U, the first of two paired poems, bristles with the bright ironic gloss of pop art as it describes the cultural emptiness and social awkwardness of a town that resembles the Norman, Oklahoma in which Morrison composed it. From the dream world of Light we move to a world of conflicted imagination, befitting the inner, negative “UN” of LUNA. Like The Faerie Queene, which MM studied at Yale, introduced in China and alludes to as a hypertext for Renewed, U and Need are works of fantasy. (See too the influence of Spenser’s six/seven part romance, Books I-VI plus The Mutabilitie Cantos, on Morrison’s six/seven-stage epic: six if we count SOLUNA as a single stage). U and Need were composed a line a day over six years, a steadying procedure that twice reduced 1000 days to 1000 lines, again miniaturizing real time. SOLUNA’s 365 manuscript pages symbolized for MM the magnus annum. Light, U and Need offer epitomes of this larger alchemical phase of the Sentence. What space, we might ask, does U represent? A space that could be real but one that is too satirical to be convincing. What space does Need represent? The imagined space of dream allegory, as in Chaucer’s Hous of Fame. What space does SOLUNA represent? It varies, for a marked feature of MM’s work is variety. “In SOL and LUNA I decided to write,” he tells me, “six books in six different styles.”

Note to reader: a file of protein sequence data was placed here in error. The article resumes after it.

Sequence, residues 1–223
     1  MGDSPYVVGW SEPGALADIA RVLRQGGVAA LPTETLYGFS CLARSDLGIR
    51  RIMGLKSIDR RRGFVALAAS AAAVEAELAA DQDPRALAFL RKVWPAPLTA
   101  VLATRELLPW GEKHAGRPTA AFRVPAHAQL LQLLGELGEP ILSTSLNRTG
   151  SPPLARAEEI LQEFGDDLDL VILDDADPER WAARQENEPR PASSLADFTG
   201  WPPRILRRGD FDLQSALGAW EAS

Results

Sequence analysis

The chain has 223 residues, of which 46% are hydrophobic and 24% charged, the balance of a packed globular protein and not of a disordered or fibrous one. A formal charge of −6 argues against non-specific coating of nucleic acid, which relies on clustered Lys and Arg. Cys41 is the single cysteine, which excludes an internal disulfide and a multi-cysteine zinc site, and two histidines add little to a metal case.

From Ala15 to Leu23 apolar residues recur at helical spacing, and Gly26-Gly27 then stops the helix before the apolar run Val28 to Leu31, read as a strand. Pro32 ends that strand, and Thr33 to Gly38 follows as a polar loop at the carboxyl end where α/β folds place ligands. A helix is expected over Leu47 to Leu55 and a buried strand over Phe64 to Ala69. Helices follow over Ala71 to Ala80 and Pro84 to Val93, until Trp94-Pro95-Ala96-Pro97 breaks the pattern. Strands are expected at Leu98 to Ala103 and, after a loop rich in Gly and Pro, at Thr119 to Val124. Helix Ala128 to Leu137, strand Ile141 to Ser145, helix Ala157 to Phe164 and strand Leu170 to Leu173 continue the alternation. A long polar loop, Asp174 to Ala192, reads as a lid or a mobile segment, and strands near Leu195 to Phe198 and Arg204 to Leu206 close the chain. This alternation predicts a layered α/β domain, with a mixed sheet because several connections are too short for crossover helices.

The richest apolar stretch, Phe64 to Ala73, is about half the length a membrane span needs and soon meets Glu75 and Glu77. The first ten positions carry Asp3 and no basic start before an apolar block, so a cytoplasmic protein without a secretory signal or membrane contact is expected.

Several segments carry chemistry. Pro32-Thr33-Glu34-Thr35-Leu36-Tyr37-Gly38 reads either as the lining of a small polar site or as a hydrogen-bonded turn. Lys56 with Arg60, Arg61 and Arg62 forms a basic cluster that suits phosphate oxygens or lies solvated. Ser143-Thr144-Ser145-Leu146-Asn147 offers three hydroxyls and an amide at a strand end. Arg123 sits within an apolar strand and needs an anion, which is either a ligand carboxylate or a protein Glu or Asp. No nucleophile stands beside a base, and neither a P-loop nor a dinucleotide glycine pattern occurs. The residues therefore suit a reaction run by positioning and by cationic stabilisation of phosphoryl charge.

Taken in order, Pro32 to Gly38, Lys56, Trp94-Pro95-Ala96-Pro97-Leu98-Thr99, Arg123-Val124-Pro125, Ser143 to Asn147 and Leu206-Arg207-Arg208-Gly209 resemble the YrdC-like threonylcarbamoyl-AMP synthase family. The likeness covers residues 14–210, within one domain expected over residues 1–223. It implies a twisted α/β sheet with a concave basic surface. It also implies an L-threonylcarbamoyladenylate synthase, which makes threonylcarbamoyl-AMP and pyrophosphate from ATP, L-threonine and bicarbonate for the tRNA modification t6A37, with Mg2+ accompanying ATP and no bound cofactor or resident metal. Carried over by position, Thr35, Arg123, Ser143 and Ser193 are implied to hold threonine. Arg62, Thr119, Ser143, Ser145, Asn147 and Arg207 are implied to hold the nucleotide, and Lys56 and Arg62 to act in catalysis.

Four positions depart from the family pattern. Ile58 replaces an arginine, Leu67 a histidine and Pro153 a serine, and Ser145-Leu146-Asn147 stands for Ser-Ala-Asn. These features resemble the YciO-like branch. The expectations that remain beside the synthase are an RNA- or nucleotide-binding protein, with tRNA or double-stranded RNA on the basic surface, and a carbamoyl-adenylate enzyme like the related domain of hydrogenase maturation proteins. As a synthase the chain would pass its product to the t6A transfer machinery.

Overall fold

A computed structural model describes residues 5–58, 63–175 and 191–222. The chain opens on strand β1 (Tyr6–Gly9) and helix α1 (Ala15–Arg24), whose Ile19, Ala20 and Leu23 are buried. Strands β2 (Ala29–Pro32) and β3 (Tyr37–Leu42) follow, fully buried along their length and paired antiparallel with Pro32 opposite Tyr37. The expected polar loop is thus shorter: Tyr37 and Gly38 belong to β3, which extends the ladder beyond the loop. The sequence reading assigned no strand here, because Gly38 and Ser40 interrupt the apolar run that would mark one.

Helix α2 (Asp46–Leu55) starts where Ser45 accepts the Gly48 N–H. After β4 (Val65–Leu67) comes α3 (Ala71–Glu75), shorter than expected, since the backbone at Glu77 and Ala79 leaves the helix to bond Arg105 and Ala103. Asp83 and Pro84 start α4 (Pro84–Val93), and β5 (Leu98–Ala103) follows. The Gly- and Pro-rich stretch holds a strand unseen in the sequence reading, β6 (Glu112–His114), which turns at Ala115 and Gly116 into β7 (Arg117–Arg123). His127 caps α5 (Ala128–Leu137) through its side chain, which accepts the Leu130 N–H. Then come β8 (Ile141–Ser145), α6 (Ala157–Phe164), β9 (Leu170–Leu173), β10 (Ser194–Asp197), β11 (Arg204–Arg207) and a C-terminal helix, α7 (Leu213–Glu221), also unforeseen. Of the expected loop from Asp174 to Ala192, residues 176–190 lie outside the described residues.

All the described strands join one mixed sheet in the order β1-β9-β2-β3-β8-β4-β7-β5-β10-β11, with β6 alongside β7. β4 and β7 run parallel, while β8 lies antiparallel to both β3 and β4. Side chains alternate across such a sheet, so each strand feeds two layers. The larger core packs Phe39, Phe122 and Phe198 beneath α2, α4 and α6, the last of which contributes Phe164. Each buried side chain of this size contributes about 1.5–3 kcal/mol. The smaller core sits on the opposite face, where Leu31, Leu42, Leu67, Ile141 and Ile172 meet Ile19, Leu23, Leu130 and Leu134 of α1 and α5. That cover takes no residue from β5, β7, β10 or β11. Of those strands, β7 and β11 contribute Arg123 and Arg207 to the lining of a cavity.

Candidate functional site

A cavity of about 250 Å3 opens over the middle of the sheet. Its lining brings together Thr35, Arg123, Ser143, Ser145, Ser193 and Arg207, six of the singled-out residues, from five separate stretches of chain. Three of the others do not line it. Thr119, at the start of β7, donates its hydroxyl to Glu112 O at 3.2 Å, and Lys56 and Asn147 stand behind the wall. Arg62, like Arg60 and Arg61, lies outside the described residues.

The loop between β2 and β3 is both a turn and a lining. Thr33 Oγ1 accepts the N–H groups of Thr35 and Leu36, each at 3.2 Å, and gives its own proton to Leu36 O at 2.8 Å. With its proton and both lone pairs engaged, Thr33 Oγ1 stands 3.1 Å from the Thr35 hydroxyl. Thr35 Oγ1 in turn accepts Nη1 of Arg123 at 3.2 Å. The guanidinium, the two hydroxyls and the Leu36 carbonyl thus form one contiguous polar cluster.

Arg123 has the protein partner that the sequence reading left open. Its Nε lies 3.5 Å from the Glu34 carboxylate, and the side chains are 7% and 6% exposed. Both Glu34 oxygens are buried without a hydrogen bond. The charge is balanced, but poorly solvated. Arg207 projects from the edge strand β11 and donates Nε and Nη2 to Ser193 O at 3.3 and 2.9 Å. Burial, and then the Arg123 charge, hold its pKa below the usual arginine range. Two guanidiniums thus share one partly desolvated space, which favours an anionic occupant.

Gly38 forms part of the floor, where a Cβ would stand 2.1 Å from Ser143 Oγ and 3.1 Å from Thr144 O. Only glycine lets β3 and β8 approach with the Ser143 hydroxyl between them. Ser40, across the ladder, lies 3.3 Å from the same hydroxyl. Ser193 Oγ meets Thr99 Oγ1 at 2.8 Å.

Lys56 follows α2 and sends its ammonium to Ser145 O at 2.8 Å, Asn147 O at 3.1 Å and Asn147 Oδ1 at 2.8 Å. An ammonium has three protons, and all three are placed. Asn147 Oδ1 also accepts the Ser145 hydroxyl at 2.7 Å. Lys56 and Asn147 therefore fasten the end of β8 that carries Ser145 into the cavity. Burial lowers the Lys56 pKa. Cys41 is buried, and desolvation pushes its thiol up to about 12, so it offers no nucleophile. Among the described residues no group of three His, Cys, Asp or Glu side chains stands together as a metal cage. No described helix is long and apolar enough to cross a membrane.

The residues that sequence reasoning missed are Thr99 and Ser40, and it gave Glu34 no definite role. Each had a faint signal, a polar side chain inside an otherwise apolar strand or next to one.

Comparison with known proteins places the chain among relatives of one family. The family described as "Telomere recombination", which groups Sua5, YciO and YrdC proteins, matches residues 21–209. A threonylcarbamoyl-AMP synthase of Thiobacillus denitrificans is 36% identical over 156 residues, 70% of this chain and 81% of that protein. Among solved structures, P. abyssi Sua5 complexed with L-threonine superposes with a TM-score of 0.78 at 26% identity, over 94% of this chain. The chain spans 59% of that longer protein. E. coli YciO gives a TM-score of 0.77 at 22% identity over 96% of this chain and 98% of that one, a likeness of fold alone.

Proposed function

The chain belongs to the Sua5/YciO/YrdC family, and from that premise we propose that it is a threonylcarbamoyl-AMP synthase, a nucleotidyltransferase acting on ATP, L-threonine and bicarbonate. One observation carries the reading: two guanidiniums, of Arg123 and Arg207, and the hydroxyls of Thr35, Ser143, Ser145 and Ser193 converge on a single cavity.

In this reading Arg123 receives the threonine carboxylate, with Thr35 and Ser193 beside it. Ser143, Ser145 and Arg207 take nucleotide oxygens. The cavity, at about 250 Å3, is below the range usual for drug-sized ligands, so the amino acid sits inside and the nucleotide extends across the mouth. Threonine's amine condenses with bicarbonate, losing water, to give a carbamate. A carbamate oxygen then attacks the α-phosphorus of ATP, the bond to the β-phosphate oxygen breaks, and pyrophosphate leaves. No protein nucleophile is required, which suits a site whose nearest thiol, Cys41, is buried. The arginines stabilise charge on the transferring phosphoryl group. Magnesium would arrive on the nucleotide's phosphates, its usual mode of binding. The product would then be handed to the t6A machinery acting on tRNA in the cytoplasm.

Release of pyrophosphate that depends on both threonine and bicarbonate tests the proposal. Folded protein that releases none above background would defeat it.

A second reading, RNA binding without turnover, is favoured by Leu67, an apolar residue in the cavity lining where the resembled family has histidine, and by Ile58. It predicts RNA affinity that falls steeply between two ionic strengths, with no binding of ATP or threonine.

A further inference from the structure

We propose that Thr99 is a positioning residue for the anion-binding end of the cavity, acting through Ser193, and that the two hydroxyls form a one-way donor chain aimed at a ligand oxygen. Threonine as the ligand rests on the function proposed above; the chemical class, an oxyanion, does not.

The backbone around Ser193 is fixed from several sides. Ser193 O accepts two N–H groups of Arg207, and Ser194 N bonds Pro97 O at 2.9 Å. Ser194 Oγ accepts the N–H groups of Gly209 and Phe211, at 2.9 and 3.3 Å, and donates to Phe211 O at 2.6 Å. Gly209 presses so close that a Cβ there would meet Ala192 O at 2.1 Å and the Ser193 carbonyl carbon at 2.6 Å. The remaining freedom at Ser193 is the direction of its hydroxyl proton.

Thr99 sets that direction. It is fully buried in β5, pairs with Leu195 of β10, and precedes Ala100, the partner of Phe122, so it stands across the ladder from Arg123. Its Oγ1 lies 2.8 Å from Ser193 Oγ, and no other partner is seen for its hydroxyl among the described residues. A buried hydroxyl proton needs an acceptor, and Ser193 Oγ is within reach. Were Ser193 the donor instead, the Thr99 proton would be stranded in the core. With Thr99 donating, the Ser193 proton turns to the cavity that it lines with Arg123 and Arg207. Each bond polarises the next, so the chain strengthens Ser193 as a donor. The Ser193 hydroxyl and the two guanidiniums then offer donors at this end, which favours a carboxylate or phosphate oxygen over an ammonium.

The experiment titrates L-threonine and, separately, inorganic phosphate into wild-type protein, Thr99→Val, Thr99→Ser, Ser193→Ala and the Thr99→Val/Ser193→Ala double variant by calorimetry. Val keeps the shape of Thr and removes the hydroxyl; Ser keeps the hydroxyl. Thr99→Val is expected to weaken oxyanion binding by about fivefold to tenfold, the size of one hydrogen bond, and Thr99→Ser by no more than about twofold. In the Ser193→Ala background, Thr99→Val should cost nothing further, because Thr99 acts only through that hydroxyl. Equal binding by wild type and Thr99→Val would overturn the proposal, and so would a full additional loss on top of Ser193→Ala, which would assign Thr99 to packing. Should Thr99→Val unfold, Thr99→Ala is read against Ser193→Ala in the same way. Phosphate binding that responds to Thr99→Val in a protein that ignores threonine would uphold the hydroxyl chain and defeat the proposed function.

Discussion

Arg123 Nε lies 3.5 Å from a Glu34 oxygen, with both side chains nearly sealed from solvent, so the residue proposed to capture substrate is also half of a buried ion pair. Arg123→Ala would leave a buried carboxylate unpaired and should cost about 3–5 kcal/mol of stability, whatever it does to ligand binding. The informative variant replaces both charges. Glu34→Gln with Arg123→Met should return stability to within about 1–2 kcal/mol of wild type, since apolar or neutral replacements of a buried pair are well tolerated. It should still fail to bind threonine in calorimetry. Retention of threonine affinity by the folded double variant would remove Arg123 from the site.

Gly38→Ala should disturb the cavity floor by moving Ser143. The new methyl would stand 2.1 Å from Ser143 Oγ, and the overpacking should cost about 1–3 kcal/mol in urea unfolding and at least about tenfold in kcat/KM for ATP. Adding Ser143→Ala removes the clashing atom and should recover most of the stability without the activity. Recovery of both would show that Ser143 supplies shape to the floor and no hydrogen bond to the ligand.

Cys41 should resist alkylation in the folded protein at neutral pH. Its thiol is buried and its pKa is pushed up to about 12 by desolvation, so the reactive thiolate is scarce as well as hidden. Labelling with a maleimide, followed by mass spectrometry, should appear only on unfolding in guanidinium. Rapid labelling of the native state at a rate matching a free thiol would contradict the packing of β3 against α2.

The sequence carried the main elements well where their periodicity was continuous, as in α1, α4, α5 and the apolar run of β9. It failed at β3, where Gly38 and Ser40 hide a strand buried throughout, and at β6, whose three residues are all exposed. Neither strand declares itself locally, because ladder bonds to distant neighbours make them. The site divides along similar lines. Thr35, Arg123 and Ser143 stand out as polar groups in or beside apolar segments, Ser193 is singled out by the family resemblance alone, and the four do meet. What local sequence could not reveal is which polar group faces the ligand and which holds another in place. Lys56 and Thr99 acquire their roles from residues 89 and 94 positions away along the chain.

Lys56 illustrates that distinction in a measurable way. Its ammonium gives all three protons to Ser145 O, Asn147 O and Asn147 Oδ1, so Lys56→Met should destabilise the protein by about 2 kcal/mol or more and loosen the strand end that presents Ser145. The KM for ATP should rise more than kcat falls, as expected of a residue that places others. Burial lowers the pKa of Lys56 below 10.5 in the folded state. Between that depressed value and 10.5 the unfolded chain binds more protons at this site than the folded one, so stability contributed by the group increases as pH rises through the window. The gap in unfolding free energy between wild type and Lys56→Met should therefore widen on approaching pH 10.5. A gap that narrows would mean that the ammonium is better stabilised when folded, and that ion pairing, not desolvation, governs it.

The full text of U
Marc de Hay, "De Cederhouten Vleugels van Berouw"
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